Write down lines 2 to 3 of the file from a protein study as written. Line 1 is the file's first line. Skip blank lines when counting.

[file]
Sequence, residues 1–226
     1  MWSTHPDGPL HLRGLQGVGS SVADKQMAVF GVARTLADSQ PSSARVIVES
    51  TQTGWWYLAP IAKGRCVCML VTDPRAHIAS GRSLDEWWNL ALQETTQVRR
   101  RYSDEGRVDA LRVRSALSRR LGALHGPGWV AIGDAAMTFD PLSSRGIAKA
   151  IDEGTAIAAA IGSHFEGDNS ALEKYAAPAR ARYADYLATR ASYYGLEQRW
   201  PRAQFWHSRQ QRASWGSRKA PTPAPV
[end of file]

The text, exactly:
     1  MWSTHPDGPL HLRGLQGVGS SVADKQMAVF GVARTLADSQ PSSARVIVES
    51  TQTGWWYLAP IAKGRCVCML VTDPRAHIAS GRSLDEWWNL ALQETTQVRR